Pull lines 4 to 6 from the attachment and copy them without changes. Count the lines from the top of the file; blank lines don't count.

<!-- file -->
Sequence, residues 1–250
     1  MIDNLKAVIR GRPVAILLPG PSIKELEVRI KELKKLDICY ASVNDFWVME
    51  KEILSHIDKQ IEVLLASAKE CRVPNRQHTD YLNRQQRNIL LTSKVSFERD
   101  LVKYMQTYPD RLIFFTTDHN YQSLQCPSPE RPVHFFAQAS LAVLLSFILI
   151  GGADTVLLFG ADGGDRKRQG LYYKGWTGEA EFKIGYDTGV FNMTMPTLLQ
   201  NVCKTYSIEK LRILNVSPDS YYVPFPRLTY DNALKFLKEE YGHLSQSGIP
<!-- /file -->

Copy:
   101  LVKYMQTYPD RLIFFTTDHN YQSLQCPSPE RPVHFFAQAS LAVLLSFILI
   151  GGADTVLLFG ADGGDRKRQG LYYKGWTGEA EFKIGYDTGV FNMTMPTLLQ
   201  NVCKTYSIEK LRILNVSPDS YYVPFPRLTY DNALKFLKEE YGHLSQSGIP